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How to End 2021 with Clarity

Updated: Feb 10, 2022

3 Creative Ways to Reflect on This Year & Welcome the Next


2021 has been another exhausting year for many of us. And this thing ain't over yet... So as December draws to a close, now is the time to check in, recognize this year's gifts and challenges, and imagine next year's possibilities.


You all know I'm a journaling junkie. But growing up, I laughed at the idea of keeping a "diary" - that is, until I finished college and moved to Mexico in early 2008. Just before hopping on the plane, my sister gifted me a beautiful little journal. I had no idea how to use it, so I dropped it in my bag and started carrying it with me around town. Whenever I went to a yummy restaurant or an interesting art gallery, I simply noted down the place as a reminder of where I had been. It took a few more weeks to discover I could use the blank pages as a private space for reflection.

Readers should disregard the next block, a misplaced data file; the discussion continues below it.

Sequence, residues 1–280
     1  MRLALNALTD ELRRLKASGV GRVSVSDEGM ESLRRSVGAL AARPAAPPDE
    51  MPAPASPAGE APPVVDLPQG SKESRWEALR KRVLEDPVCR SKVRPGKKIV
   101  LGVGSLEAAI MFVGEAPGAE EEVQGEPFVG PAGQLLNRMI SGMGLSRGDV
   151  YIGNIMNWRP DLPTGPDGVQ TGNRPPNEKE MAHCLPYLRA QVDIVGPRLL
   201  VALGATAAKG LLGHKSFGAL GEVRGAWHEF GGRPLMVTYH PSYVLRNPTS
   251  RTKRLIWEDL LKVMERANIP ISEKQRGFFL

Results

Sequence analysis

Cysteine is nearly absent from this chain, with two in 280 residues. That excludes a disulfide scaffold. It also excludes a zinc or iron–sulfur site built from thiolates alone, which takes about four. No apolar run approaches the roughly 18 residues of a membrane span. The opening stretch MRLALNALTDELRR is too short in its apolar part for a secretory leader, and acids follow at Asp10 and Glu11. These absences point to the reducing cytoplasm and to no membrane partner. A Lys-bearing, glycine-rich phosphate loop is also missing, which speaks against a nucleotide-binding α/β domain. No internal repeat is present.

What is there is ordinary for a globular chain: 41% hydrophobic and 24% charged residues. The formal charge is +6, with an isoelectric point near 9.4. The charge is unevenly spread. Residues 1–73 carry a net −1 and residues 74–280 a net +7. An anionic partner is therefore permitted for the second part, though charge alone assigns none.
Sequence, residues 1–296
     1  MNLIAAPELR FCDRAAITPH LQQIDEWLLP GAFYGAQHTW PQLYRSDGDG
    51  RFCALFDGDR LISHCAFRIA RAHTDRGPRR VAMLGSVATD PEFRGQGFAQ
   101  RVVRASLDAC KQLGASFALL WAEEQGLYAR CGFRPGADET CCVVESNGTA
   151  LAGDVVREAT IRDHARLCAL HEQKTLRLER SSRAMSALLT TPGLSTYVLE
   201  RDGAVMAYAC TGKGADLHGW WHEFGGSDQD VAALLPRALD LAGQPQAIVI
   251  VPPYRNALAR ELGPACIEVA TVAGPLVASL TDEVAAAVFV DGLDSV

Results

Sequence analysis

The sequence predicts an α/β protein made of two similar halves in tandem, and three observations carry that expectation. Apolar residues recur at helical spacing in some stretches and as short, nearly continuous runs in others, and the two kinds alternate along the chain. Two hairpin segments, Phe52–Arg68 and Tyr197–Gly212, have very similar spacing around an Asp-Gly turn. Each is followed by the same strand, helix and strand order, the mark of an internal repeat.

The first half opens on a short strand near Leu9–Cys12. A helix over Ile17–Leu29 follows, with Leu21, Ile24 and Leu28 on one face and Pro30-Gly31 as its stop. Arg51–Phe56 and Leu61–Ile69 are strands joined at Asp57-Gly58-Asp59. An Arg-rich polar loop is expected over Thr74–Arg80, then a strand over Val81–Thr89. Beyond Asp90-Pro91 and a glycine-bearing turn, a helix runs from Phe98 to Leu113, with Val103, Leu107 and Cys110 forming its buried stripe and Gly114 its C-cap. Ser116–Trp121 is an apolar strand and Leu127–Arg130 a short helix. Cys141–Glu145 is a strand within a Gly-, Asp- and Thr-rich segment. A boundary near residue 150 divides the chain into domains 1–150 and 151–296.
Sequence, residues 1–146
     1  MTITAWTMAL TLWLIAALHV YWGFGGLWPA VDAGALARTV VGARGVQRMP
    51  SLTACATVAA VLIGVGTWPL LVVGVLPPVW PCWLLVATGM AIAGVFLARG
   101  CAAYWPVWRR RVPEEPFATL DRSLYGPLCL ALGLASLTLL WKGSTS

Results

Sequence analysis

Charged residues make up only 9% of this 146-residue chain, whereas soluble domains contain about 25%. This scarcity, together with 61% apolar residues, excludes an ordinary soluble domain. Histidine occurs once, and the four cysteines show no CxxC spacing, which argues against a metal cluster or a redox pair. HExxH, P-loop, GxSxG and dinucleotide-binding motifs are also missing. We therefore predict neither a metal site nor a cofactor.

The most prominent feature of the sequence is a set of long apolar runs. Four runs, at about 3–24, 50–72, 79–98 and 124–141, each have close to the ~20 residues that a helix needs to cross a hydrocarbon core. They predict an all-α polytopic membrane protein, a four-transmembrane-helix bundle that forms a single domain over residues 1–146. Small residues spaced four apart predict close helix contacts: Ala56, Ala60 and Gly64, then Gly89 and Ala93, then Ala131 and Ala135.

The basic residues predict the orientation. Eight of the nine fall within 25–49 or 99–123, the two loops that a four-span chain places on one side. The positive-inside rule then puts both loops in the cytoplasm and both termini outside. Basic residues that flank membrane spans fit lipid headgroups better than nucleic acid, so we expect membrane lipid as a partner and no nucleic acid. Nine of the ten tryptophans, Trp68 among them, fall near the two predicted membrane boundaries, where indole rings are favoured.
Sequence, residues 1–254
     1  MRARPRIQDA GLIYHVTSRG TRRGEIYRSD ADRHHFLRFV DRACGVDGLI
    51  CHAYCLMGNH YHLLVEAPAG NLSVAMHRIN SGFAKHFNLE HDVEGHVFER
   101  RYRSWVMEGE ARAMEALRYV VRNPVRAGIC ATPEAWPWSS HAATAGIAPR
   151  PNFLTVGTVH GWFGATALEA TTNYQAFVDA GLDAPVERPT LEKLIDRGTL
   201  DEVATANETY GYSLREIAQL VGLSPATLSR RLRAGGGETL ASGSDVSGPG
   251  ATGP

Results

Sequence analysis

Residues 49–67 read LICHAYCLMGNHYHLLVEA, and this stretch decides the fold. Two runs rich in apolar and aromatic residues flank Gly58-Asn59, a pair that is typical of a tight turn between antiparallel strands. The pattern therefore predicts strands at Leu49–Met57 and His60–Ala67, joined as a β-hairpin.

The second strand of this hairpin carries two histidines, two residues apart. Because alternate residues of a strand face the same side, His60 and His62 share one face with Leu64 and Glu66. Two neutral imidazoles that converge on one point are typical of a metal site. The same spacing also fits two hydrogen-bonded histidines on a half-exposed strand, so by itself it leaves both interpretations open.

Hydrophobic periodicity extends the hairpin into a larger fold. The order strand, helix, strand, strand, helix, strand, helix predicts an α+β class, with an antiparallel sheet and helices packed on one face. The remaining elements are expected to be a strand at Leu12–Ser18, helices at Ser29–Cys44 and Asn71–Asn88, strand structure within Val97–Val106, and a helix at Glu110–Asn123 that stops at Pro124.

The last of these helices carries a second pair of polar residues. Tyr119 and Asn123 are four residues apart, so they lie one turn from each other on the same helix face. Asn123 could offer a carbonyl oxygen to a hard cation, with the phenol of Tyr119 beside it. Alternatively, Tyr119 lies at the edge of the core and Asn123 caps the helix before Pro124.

For a long time after that, I returned to my journal whenever things got tough, and it gradually became easier to process challenges with a pen. Sometimes I wrote whatever bubbled up in stream-of-consciousness; other times it felt helpful to write a letter to my past or future self. After many years of journaling in this way, my mentor encouraged me to write not only during times of difficulty but also during moments of joy or accomplishment. Suddenly, my journal became a friend reflecting back the "full catastrophe" of all life's ups and downs.


Then, several years ago, I spontaneously instituted what became an annual ritual - on New Year's Day, I go to a local bookstore (it must also have a café) and pick out a new journal.